Currently the well-known illustrator keeps a blog that is the unknown hipster. The blog has altered his working space and approach to illustration. He said “It’s the most exciting thing at the moment. I have no constraints. You see funny things and you share them. Before I would just keep these drawings in my studio or show friends. This way I get a bigger audience, people I might not even think of. I also show work that is more experimental. It helps push things forward” (Morris, 2006, p.279) he shares on a separate interview with another publication.
He says that creative people should just keep on working even if it is the recession. “In fact, there are lots of people blogging and content that is totally free. It’s a little bit crazy: who would have imagined that people would be working for free all the time? Business people’s creative input is making money, and during a recession they realize creative people might develop ways of working without financial support. So you have to fight the recession and more, but it’s always better to do something. Do your thing. The next one is: stand up for your work. You still have to fight for that. The third is to be optimistic,” he advises.
Some say that he is inspired by the urban lifestyle that he lives in the Brooklyn neighbourhood of Bushwick. He draws some of this on his blog theunknownhipster.com. “I was drawing places like it for the blog, and I went to a Basquiat show in Chelsea – great oil pastels on cardboard. I realized I could make my drawings really big using the same materials, and I started doing this with my drawings of Bushwick. In New York, I can still be overwhelmed by what I see, even after living here for so long. There is something strong that comes over me about the city, even if I am used to it. In Bushwick, there’s a great sense of space. The fact that it’s disappearing or that it’s already gone in a way is interesting. I also like the image of nature reasserting itself in an industrial environment. I was raised in the suburbs of Paris, and I always liked seeing a vacant lot or a yard where something had grown out of control,” he muses.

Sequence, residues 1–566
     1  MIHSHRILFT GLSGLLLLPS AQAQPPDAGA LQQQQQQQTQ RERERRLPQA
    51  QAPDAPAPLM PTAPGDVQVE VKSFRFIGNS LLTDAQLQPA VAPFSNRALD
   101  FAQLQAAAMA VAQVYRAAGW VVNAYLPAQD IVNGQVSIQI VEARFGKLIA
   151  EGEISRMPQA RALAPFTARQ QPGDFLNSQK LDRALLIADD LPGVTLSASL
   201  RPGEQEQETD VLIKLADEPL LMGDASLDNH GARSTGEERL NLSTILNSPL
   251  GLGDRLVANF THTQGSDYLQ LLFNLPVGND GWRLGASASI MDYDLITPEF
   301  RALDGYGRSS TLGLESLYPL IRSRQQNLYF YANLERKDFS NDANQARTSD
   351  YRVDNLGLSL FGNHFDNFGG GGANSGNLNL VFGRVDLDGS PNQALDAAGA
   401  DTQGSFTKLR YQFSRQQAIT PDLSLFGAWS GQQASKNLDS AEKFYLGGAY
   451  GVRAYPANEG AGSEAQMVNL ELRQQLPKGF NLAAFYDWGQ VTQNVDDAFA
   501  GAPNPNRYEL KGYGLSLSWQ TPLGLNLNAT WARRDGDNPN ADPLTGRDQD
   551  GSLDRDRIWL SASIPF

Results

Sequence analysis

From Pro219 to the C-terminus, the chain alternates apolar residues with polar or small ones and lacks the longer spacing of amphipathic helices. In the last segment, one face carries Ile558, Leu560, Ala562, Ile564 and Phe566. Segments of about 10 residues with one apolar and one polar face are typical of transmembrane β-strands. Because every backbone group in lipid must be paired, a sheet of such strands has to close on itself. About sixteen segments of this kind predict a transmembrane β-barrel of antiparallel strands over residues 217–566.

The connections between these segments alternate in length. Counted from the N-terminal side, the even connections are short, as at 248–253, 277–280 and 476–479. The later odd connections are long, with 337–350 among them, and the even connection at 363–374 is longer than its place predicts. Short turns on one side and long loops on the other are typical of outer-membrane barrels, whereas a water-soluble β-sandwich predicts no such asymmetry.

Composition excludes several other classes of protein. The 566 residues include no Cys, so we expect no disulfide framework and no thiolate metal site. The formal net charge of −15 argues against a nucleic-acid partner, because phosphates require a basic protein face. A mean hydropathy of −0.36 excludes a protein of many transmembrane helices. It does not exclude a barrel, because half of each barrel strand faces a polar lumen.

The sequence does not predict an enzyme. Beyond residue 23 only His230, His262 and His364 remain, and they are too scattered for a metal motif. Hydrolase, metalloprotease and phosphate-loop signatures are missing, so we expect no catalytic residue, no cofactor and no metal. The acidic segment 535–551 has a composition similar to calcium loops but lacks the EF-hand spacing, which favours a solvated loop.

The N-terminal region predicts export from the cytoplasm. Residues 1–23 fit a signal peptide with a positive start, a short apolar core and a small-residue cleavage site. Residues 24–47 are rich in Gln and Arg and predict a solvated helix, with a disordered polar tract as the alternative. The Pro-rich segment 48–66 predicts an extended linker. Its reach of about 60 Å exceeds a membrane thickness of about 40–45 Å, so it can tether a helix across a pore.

Apart from the community, he also shares a few thought s of fellow artists in to his blog. He posted Damien Hirst’ “End of Era” show and has this to say, “It’s hard to say whether it is the end of this era, a certain end of waste and comfort, or whether it’s the end of an era for Hirst’s clients! His work is amazing because it can challenge powerful people on the same level. For violent times like ours, it’s pretty much adept. He shows something and people get it immediately, as much as they would get a new blond trophy wife or a new Ferrari. You can’t get anything better. At the same time with Hirst, if you are on the other side, there’s a kind of humor and I enjoy it.”
Currently, Jean Philippe is the director for the animation advertisements for Saab. He has also written several novels, some of them is Comique de Proximite (2005) and the children's book Visit to Another Planet. He is a regular contributor for the GQ US, as he draws for the Style Guy Column of Glenn O’Brien. Jean Philippe also writes and illustrates a comical series named Criteres Esthetiques for the Architectural Digest, French Edition. Now he fulfils his desire to not be stuck in a room as an illustrator, as he goes around being employed by top magazine publications as an illustrator.